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Togo’s tension: democracy vs. stability

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Maybe it was too early in the morning. Or perhaps their hearts just weren’t in it.

Whatever the case, a rally called by Togo ‘s opposition leaders for early Tuesday — meant to voice full-throated outrage over the March 4 election they say was rigged to favour the incumbent — was a near no-show.

Not even the opposition leaders turned up.


“It was a thousand or so youths, they burned a couple of tires and the police dispersed them,” said a Reuters witness. “The opposition leaders did not even come.”

Unclear if this was a good thing.

Togo’s March 4 election was seen as a test for democracy in Africa, a continent notorious for coups and flawed polls that have undermined efforts toward civilian rule. International observers have said the poll appeared fair.

The dangers of witchcraft

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carEvery year, hundreds of people in the Central African Republic are convicted of witchcraft. One man, who received a 4-year sentence, says his case highlights some of the failures of the country’s judicial system.

Ange Mberkoulat was convicted of witchcraft after his village chief accused him of trying to kill a relative. He is officially a convict but is serving his sentence outside jail because of lack of resources in prisons

Bringing aid and being a target

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Posted by George Fominyen, AlertNet‘s humanitarian affairs correspondent for West and Central Africa, based in Dakar. He is also West Africa coordinator for Thomson Reuters Foundation’s Emergency Information Service.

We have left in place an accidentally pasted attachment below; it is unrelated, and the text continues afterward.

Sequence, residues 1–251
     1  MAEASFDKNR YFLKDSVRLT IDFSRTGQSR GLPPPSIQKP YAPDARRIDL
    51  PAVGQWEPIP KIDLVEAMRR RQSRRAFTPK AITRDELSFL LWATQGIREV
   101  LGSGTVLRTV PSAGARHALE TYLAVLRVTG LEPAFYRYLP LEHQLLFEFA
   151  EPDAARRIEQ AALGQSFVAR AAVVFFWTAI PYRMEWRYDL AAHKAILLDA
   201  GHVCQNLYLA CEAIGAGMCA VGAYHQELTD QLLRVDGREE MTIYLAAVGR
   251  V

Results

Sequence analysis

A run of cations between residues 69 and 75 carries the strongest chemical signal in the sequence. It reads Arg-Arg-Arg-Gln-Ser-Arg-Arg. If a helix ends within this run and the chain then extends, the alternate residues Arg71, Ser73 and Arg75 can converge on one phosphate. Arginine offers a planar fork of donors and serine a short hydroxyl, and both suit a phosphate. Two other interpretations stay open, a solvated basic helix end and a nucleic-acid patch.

The abduction of two Medecins Sans Frontieres (MSF) workers in Chad this month after a robbery at their compound near Sudan’s Darfur region has again brought to the fore the question of attacks on aid workers.

Is the International Criminal Court unfair to Africa?

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African countries often complain about getting a bad press. They say there’s much more to the continent than war and poverty and starvation. Then there’s the huge coverage given to the International Criminal Court and the fact that all four cases the body is now considering come from Africa.

But what’s strange about the complaints is that the world’s poorest continent is the most heavily represented in the ICC, with 30 member countries. In the March 2009 elections for ICC judges, 12 out of the 19 candidates were Africans nominated by African governments. And Fatou Bensouda, the court’s Deputy Prosecutor, is from Gambia.

from Global News Journal:

More power-sharing in Africa?

Kenya's power-sharing government was only born after weeks of election violence that killed 1,300 people. Zimbabwe's power sharing agreement is yet to bear fruit as southern Africa's former breadbasket crumbles into economic ruin.

So will power sharing in Central African Republic, where one of Africa's most forgotten conflicts has been simmering for more than half a decade, fare any better?

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